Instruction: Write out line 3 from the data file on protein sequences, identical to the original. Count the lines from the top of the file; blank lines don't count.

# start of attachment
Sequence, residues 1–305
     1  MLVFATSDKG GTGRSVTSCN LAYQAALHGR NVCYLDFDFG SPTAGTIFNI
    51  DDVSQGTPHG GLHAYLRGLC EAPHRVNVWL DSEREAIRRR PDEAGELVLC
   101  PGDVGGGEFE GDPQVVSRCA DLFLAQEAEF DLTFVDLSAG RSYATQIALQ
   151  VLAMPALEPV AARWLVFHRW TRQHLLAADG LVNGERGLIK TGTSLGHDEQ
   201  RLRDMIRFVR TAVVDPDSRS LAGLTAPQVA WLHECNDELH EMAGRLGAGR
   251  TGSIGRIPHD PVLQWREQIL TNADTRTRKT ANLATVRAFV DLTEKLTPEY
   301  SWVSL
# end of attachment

    51  DDVSQGTPHG GLHAYLRGLC EAPHRVNVWL DSEREAIRRR PDEAGELVLC